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34

I take what I consider to be a pragmatic approach: if there is no toy which is obviously a gun, kids just make their own (60-80% of boys, 30% of girls, play with "aggressive toys" of some variety). Fingers, sticks, coat hangers (which double as pretty decent fighter planes and space ships, IMHO), pencils/pens, cardboard tubes (packing tubes make great ...


12

Most important then if you should let your child play with toy A or toy B, is what you already posted in your question: What are the effects this kind of play have in the children's psichology? Remember toddlers and young children have trouble separating fantasy from reality. His nightmares and fantasies will seem as real as school to them. You have to ...


8

I've decided to share a few things we do right now which seem to be interesting and fun and (I think) help her develop (or at least don't slow her development:). Just an explaination: I write her all the time because I have a daughter. At this age it doesn't change much for boys I guess. Indoors Activities with children's books There are many books for ...


5

Consider you answered your own question, you turned out okay, rationally recognizing the inherent dangers. There are important, legitimate, appropriate, responsible uses of weapons for defense, hunting to provide food, and sports. Its not just about violence, or playing cops & robbers. Water, essential for life, is inherently dangerous. A child can ...


3

Whatever she wants to do. Seriously - get her outside, and ask her. She can do whatever she wants, so long as it's outside. (And if she wants you to play with her, you should make the time - she'll only be eight once, after all!) And that means leaving the schedule a bit open-ended. Maybe she'll doodle with chalk on the sidewalk. Maybe she'll run around ...


3

To be honest, it sounds like the concern should be that there is very little time in the routine to play. Play is essential for children - both physical (running, jumping, dancing, etc) and mental play (board games, computer games, I-Spy etc) so if your difficulty is in fitting that into her routine I would suggest trying to change the routine or all too ...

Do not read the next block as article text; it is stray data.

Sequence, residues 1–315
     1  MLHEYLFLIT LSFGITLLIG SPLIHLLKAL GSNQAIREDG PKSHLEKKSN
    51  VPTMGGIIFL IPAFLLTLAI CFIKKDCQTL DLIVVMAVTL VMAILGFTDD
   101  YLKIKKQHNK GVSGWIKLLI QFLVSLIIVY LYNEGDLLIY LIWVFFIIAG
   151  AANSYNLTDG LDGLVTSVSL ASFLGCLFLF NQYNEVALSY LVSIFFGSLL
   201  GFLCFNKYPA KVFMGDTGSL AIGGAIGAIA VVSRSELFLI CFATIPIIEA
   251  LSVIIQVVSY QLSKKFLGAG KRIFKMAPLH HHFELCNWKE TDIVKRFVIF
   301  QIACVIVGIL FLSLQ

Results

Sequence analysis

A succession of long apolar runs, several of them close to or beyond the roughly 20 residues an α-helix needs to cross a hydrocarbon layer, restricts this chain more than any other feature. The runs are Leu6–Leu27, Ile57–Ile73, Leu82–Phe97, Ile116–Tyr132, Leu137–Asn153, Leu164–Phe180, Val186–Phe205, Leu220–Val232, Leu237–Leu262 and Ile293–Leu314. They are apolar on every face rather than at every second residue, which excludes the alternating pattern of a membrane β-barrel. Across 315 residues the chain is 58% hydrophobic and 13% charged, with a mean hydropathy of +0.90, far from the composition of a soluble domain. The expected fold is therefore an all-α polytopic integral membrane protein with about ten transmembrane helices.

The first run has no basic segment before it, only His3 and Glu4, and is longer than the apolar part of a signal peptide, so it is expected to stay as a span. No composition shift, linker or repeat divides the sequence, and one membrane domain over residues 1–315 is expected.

3

Whenever you hold a human being by an appendage or 2 and then whirl them around, you create substantial force on their body, proportional to the rotational velocity at which you are spinning them. While this can be done at various ages, declaring it as "safe" is a non-starter. Any number of odd events could happen causing you to lose sufficient focus on ...


3

This is perfectly normal behaviour for most children. Cuddly toys feel nice - which is why there is a large industry in making things such as Taggies specifically for kids to rub on their face or put in their mouth. I have one child who absolutely loves rubbing her face against a sheepskin rug. This sort of behaviour even remains into adulthood for some ...


3

When they can grasp them is the short answer. There are various stages of play but as a first starting point as soon as they have the coordination to pick them up one by one to begin exploring colour, shape texture and (of course) taste! Creating structures requires the ability to do imaginative play and is a considerably later developmental stage so I ...


3

My suggestion for 1 year old play is to take them outside. Bring them to a park or outside environment every day, in all weather. Let them get dirty, hot and cold, muddy and dusty. This will stimulate their entire body which will stimulate their mind. Outside play also stimulates their immune system letting them encounter bacteria that are abundant and ...


2

I agree with taking children outside, they learn so much by exploring nature and the surrounding environment. As a parent of teenagers, we did so many early activities related to reading - one thing I wished I'd done more is playing games to develop early MATH skills. Here are some ideas: One type of toy that seems really simple but are important ...


1

The answer to this depends in part on your locality. In the US, some states have no minimum age for it to be legal to allow your minor to be unsupervised, while others do, as old as 12 in the case of my home state (Illinois). Now, that's not necessarily an enforced law, and undoubtedly is meant primarily to apply to fully unsupervised minors (ie, parents ...


1

It really depends on exposure and interest. I buy a lot of building toys because I feel they are really great for imaginative play. I did not start with wooden blocks because I wasn't sure if she would be chucking it at me. We have wooden blocks (passed down from my husband's grandmother who was really into architecture) but I think they must be for adults, ...


1

One interesting approach is the one championed by Teacher Tom (teachertomsblog.blogspot.com). Basically, make informative statements about your child's actions and their effects on the world ("You're hurting me." or "You said thank you to the lady at the store, and, see, it made her smile.", "I can't let you do this, it's dangerous") and model the behavior ...


1

Well, first of all i don't think its we that need to flip a switch, play-time is just as important in parenting as feeding your child, its food for their soul. But to answer the question: how do you flip the switch between playmate to parent to educate them that what they did was wrong but then be able to transition back to playmate? You don't. Its ...


1

I don't think I'd recommend doing this at all. I've seen that move go awry before and all the screaming and bruising kind of turned me off to ever trying it. Might I recommend an alternative? At around 1 years old you can try this and they will have just as much fun. Instead of by the arm and leg, you just grab the child underneath the armpits firmly and ...



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